Jan, 2020 back to May, 2011: (nothing)
Seattle, Washington. The American Dream is here. Somewhere.
Perhaps it's my perfect cappuccino. Maybe it's the menu at this cafe, with three mentions of "vegan." (I chose an item that included cheese, not "vegan," and the plate melded the goodness of potatoes, eggs, shitake mushrooms and spinach into a single serving with no explanation as to why these ingredients, individually excellent, belong together.)
It's Saturday. Outside the window a man passes by with an upbeat gait, cradling a new, old-fashioned record. Another man stands across the street wearing billboards, waving and bouncing and announcing a furniture sale.
This is my first taste of Seattle. I took a brand-new train from the airport to a bus station and was about to board a bus when a wizened American Indian man called after me, "no." I hadn't noticed him before. I asked why I shouldn't climb aboard, but he didn't speak English. He pointed to his watch and scratched his finger clockwise along its face, then he mutely pointed to the bus as it drove off. I was to wait for the next one.
Dickens and Shakespeare had it easy. In the real world good guys are always flawed, bad guys are always good people, winners are always missing something and victims are always trying to improve their situations. No quantity of metaphors and adjectives can describe what somebody truly feels.
The saddest moments in journalism come when I remember my sources are human beings.
Apr, 2011 back to Jan, 2011: (nothing)
Did you know: digital cameras, from $100 to $10,000, only capture one colour per pixel?
Today's cameras produce vibrant pictures from monochrome sensors. Here's how.
It starts when light hits the back of the camera. This is where the "megapixels" of the camera come in: each pixel, or tiny square of colour, corresponds to one of the camera's millions of sensors. Each sensor says how much light hit it.
Dec, 2010 back to Nov, 2010: (nothing)
It's election season in Tanzania, and there's a new bus station somewhere near the middle of nowhere.
A shiny new bus station in Nyaka Kangaga, Tanzania.
I can't figure out how many people need this bus station. Nyaka Kangaga doesn't even appear on the census. The biggest nearby census-polled town, Heru Ushingo, counted about 60,000 people back in 2002. (And how many of them can vote? The number probably fluctuates wildly with Burundian refugee migrations.)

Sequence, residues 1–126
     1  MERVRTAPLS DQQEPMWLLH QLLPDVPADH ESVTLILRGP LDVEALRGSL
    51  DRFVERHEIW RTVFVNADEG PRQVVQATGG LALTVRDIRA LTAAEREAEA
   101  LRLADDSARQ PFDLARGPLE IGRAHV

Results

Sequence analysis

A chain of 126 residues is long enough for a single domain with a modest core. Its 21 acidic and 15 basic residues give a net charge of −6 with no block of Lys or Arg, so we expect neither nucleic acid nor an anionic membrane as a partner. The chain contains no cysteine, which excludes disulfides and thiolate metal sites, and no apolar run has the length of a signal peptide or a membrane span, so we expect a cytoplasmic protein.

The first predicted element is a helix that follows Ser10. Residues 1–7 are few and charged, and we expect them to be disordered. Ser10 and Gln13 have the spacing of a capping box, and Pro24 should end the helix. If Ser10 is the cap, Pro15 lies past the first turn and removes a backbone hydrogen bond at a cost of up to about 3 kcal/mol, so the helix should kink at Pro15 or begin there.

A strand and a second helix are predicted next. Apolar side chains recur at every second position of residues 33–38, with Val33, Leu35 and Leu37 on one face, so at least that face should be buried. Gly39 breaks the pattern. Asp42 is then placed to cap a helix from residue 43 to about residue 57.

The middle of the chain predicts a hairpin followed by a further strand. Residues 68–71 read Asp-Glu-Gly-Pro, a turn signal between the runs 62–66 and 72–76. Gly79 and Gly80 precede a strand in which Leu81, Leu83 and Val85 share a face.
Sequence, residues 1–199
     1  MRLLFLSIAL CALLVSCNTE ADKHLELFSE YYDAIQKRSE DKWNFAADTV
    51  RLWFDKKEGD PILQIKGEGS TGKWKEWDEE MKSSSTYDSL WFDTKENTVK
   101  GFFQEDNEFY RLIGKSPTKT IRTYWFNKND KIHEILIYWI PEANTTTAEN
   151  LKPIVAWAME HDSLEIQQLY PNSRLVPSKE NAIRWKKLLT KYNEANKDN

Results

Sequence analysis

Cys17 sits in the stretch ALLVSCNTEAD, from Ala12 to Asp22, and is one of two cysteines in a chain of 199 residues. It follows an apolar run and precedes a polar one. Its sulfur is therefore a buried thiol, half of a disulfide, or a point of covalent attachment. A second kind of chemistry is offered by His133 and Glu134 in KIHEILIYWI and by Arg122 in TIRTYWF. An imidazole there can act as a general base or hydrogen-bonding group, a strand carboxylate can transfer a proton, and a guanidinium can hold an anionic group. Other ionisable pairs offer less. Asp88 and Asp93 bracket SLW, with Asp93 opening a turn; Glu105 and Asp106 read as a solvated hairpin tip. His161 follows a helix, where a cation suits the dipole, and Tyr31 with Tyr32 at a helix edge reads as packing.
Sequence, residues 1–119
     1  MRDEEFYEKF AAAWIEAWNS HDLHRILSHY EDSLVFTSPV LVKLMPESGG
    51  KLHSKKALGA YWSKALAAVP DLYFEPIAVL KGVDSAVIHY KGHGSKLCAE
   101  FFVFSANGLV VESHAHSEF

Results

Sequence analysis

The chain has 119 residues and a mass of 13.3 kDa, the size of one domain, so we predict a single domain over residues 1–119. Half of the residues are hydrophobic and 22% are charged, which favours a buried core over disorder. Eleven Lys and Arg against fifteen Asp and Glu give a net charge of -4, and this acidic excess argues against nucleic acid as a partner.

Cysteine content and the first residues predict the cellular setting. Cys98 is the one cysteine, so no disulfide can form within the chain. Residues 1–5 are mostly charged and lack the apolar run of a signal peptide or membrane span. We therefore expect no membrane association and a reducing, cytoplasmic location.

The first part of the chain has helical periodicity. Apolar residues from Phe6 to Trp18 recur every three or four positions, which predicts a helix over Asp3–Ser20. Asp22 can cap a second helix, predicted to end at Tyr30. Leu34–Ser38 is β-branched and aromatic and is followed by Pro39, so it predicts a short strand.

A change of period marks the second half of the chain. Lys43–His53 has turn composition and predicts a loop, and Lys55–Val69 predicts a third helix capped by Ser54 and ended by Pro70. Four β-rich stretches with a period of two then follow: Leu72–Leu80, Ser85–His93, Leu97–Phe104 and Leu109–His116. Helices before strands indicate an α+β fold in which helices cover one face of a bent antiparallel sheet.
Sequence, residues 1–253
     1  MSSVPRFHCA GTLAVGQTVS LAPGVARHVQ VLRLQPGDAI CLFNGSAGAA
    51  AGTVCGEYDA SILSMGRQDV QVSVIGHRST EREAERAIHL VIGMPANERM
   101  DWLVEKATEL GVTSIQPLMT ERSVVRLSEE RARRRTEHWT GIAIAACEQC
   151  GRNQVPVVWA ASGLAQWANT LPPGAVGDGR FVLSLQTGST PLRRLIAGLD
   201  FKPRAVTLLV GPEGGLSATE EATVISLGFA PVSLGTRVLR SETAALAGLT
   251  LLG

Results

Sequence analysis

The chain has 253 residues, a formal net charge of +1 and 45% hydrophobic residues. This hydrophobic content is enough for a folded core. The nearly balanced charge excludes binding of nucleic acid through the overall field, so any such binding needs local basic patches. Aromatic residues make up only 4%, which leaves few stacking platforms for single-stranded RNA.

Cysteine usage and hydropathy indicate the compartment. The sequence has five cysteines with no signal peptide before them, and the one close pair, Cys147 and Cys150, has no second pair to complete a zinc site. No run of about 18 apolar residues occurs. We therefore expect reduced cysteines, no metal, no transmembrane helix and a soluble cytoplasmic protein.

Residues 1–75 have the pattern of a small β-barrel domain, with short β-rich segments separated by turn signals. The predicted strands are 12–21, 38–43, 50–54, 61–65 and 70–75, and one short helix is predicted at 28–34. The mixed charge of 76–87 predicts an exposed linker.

Nyaka Kangaga isn't at a fork in the road. Sure, Burundi is a day's walk away, but there's no border crossing. Few Tanzanians live in the area. Kigoma, the nearest hub, is three hours away. There's no airstrip or seaport. To me, it seems like there's very little reason to build a brand-new bus station instead of, say, hiring teachers or doctors or paving the road.
Oct, 2010 back to Sep, 2010: (nothing)
Freedom, not democracy, is the basis of our society.
Stunt biker (London)
Hundreds of years ago, political figures commissioned art. Now, they tolerate it. Artists spray-painted London's South Bank when doing so was illegal, and amateur skateboarders kick-flipped in before their parents could buy elbowpads. All the politicians had to do, when asked, was set up lights and tell the cleaners not to bother scrubbing.
Even that concession is a fight, of course, and the powers that be sometimes talk of closing the 30-year-old park to make way for shops. Skaters and bikers, a tiny minority of South Bankers, have fought to keep the park alive.
I'm going home.
Flying away makes me examine my experiences. I reflect and reflect until I worry the mirrors inside me will shatter from over-thought.
To the countless greens of Rwanda, the dusty infinities of Tanzania, the blissful bananas of Uganda, the recently-peaceful politics of Kenya, the picture-perfect beaches of Zanzibar and the friends and strangers who unify and diversify the land with all with your culture, beauty and warmth: kwa heri.
Welcome to Old Taxi Park. It's the heart of Kampala.
The first thing to know about Old Taxi Park is that a measly 18mm camera lens can't fit it all in. If I point it to the left, I can capture hundreds more minibus taxis my first shot missed.
Every once in a while in East Africa, you stumble across a seemingly-absurd sign. They're usually in cities, but I saw one in a village this week.
In a village near Mbarara (Uganda), there is something called "goat technology".
It's brilliant: villagers transform this...
Warning: this entry is graphic, but it's not illustrated and it's not happy. I suggest you skip it if you don't like morocity. Morose-ness. Whatever.
I've promised myself I'd keep pristine memories many times: my first kiss, my first visit to a refugee camp, my first near-death experience, and just last week, my closest view of a death.
But even this latest one is blurring already, just like all my other memories.
It was on an express bus from Kenya to Uganda, and I can't remember which country we were in. I was in the front row. The bus slowed as we approached a village, and we saw crowds up ahead. I remember colours: women wearing colourful vitenge and buildings wearing colourful cell-phone advertisements. I can't remember which colours or which cell-phone companies.